26 min read

Episode 24—Test-Optional: Lessons From an Early Adopter, Part 1


The topic of test-optional admissions brings a wide variety of responses from enrollment leaders. On today's episode of Enrollment Edge, Jay will talk to Martin Aucoin, Vice Provost & Dean of Admissions at Belmont Abbey College. Belmont Abbey was one of the very first test-optional policy adopters in the country. Just two years ago, there were a few hundred colleges and universities that were considered test-optional. As many testing dates were canceled or delayed in the name of public health during the pandemic, thousands of colleges have adopted, both temporarily and permanently, a test-optional policy to help admit students even without available test scores. 

Jay will discuss with Martin the benefits and challenges of a test-optional admissions policy from the perspective of an early adopter and what lessons he has learned after more than a decade of practicing this controversial policy.


Episode Transcript


[00:01:35] Jay Fedje: Welcome to the Enrollment Edge Podcast for college enrollment and marketing leaders. I'm your host Jay Fedje, Enrollment Edge is sponsored by enrollmentFUEL, a trusted full-service student search and marketing partner to colleges and universities across the country. If you'd like to learn more about enrollment tool services, or you have questions about today's episode, we've included a link to our website in the show notes. You can also email us at Edge@enrollmentfuel.com. We'd love to hear what you think. If you can, help us by subscribing to our podcast, sharing it with your friends and leaving a five star review on Apple podcasts. Today on the Enrollment Edge, I dig into the hot topic of test optional from the point of view of a college that adopted the policy in the earlier seasons. Martin Aucoin, Vice Provost and Dean of enrollment at Belmont Abbey College has lived with, wrestled with, and put theory into practice from the earliest years of the test optional movement. In 2008, there were just a handful of colleges that ventured into the practice of not using standardized tests when reviewing applicants. We'll talk about the challenges of the early stages, and the lessons that they've learned about the benefits and challenges more than a decade later. Joining me today on the Enrollment Edge, I want to give a special welcome to Martin Aucoin from Belmont Abbey College. Martin, welcome to the Enrollment Edge.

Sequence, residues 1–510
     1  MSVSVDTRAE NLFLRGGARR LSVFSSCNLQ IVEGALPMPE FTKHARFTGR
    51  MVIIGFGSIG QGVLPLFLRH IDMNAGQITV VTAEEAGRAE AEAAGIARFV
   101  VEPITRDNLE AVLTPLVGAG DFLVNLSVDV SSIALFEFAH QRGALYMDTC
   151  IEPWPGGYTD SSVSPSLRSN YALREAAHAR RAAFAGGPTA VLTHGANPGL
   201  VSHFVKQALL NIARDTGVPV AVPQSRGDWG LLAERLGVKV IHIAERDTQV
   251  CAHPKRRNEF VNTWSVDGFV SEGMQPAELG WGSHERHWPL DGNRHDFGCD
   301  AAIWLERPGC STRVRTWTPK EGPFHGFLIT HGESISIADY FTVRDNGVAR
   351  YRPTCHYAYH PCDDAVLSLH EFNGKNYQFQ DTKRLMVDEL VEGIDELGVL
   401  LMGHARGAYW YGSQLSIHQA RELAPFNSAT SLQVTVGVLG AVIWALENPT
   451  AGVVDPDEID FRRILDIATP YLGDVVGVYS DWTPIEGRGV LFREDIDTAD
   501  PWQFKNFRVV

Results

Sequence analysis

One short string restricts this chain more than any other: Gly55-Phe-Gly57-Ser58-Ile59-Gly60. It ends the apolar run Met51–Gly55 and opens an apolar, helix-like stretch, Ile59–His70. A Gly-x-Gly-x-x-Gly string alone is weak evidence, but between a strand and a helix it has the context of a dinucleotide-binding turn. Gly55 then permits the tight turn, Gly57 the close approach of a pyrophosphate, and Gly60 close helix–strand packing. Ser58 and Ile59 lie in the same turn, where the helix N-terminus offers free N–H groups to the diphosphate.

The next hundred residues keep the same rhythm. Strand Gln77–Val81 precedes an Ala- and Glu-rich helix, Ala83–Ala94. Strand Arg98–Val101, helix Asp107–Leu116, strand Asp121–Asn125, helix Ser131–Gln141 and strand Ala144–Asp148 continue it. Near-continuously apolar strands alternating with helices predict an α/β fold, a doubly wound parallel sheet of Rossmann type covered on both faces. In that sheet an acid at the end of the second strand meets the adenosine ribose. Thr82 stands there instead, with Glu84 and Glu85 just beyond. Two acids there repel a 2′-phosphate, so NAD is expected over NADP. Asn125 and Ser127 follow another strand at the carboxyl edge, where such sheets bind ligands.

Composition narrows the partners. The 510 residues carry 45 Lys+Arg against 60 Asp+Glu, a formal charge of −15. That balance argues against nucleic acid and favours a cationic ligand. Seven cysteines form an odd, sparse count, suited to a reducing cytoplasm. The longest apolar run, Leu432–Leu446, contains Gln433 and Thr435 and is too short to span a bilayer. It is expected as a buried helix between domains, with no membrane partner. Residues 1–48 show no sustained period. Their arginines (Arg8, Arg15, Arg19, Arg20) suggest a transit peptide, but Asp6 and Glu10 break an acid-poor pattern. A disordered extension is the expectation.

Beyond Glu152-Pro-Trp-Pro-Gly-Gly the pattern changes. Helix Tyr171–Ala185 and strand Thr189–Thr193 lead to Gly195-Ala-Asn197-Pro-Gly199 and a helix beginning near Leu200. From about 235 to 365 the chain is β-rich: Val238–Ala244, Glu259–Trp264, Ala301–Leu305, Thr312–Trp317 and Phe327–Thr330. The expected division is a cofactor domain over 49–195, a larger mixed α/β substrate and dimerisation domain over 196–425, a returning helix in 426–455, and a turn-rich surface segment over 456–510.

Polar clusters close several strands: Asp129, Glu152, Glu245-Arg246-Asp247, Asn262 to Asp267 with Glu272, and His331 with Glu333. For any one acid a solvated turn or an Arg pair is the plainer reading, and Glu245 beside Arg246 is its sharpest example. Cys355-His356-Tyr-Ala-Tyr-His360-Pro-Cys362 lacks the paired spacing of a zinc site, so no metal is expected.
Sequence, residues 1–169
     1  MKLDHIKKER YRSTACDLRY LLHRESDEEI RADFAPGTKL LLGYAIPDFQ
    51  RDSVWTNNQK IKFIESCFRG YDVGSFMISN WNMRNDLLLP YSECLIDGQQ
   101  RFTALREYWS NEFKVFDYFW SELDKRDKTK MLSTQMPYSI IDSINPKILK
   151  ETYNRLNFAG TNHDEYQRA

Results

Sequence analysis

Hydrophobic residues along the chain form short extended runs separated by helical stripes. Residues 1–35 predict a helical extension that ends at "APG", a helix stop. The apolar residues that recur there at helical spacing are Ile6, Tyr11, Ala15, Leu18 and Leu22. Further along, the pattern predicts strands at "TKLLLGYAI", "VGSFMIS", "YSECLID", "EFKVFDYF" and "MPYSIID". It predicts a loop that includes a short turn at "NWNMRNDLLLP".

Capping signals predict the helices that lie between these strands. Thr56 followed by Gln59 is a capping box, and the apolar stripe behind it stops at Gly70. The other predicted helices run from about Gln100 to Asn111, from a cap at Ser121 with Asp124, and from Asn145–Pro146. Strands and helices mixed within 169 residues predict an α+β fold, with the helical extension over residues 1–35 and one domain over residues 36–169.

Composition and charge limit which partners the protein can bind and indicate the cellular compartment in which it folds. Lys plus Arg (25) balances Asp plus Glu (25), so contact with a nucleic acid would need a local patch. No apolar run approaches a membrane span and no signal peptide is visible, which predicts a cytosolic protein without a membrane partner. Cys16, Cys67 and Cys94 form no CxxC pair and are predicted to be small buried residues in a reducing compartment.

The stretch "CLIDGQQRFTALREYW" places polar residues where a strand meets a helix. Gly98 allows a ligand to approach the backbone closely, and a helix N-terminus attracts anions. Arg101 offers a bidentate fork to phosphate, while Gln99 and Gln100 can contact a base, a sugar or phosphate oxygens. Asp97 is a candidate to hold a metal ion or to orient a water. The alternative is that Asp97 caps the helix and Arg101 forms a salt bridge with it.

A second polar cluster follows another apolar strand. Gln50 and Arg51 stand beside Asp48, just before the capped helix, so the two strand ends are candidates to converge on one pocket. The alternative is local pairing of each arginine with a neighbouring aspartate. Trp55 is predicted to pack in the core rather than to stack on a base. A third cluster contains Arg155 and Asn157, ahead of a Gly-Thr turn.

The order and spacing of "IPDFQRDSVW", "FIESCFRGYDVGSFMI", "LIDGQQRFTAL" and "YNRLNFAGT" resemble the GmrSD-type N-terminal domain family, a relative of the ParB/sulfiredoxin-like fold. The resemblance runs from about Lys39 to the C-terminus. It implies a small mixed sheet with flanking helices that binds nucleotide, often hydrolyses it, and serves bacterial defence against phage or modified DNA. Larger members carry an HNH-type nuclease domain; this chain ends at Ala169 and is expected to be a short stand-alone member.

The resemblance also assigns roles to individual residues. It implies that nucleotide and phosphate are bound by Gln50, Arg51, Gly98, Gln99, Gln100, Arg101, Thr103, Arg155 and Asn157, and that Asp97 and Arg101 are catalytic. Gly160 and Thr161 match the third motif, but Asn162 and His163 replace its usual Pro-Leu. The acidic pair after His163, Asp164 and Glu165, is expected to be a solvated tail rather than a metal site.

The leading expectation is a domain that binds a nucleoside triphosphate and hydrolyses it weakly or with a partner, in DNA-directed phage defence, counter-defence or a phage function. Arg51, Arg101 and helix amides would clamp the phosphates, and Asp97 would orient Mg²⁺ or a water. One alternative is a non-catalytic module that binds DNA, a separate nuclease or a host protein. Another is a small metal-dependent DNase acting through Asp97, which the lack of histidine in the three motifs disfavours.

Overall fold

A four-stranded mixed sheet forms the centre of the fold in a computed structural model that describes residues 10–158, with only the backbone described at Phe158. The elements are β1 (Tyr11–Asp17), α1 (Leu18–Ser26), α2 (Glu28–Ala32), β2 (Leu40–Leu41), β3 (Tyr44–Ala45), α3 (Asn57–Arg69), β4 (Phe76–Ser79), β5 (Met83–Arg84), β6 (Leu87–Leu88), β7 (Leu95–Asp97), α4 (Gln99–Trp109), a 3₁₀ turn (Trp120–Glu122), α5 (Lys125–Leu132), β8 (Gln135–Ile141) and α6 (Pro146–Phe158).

[00:01:34] Martin Aucoin: Thanks, Jay. It's a pleasure to be here.

[00:01:35] Jay Fedje: Yeah, it's good having you we started talking about topics that you and I might find interesting. And one of the things that stood out to me, and we're gonna dive into this is test optional. Now as the Vice Provost, Dean of Admissions at Belmont, you really have a great deal of impact on the output, the operationalization of test optional, and how that works for your school. And I felt like this would be a great topic from an early adopters perspective. Belmont Abbey started this a long time ago from what I can tell about 2008, 2009. So, there are only a handful of colleges at that point, now, there's literally hundreds, if not 1000s of schools that have moved into that direction, because of COVID, or because of other reasons and kind of trying to simplify the process, maybe during some strange times. But as an early adopter, I really wanted to capture your experience. And so, I'm extremely glad you're on the show and you're willing to talk about that. So, first things first, there are so many terms that are being thrown around, right? I'm just gonna name a few that I've heard test optional, test flexible, test hybrid and test blind. And I've heard the term, test aware. Okay, help me understand what all that is. Can you help me?